Chirping: A new way to identify species

Cricket species is hard to get distinguished and now Indian researchers are finding a way to analyse the species diversity using its chirp. The scientists are establishing an acoustic signal library, which can help in tracking the diversity of these insects.

Despite Morphology based taxonomy has helped in big way to recognise and establish species diversity, it is often not sufficient in delimiting cryptic species – a group of two or more morphologically indistinguishable species (hidden under one species) or individuals of the same species expressing diverse morphological features (which are often classified into multiple species). This has often led to overestimation or underestimation of species diversity.

Ranjana Jaiswara, a Fellow at the Department of Zoology, Panjab University, is working with a team to establish a field crickets acoustic signal library. They hope this could be a non-invasive tool in species diversity estimation and monitoring. The library is envisaged as a digital one and can use it even through mobile applications for automated species recognition and discovery as well as documentation of new species of crickets from India.

The researchers use acoustic signals, phonotactic behavioural data and DNA sequences in studying species diversity. They used field crickets as a model organism. In her research published in Journal of Zoological Systematics and Evolutionary Research, she has shown that species-specific bioacoustics signals are a highly efficient and reliable tool in marking species boundaries. It can also help in accurate estimate of species richness and diversity in any geographical area.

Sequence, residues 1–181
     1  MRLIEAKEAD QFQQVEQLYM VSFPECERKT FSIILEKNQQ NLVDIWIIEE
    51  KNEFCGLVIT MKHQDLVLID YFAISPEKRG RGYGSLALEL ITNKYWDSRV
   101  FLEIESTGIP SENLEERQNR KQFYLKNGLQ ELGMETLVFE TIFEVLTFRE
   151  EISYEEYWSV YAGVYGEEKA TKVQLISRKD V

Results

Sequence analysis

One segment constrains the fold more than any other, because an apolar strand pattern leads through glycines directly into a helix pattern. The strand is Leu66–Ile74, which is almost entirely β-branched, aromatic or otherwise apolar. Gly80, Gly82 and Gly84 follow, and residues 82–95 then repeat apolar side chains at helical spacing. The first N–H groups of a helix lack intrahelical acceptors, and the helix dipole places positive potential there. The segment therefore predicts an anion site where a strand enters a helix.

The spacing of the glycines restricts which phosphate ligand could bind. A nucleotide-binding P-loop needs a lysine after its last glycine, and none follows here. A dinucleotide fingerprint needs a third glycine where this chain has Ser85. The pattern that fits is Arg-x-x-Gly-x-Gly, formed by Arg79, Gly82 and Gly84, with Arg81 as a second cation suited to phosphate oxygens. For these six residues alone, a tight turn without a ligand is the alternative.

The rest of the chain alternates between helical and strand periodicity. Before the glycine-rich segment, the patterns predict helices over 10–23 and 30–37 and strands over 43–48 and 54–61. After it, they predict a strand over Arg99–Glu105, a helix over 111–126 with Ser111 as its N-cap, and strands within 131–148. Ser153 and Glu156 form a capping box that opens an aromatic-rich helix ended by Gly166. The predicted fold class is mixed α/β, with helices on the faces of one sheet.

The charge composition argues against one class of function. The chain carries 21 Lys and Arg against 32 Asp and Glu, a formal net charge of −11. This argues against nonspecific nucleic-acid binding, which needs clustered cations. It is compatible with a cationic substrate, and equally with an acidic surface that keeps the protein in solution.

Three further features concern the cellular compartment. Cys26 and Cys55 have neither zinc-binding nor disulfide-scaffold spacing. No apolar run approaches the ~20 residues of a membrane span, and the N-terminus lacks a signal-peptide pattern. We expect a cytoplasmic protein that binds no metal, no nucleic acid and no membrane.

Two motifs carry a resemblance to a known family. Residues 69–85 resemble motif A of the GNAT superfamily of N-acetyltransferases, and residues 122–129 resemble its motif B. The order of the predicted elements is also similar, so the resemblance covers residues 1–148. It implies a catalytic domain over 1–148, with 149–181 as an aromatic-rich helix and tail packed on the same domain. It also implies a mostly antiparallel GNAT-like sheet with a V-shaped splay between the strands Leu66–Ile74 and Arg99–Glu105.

Dr Jaiswara documented that the issue of cryptic species can be addressed using bioacoustic signal and statistical analyses. This approach has led to the discovery of several cryptic and new species of crickets from India, South-Africa, Peru and Brazil.

Field crickets are one of the most commonly used model organisms in the field of behavioural ecology, neuroethology, acoustics and experimental biology as they are unique in their ability to produce loud acoustic signal. They produce the sound by rubbing of highly specialised forewings against each other.

 

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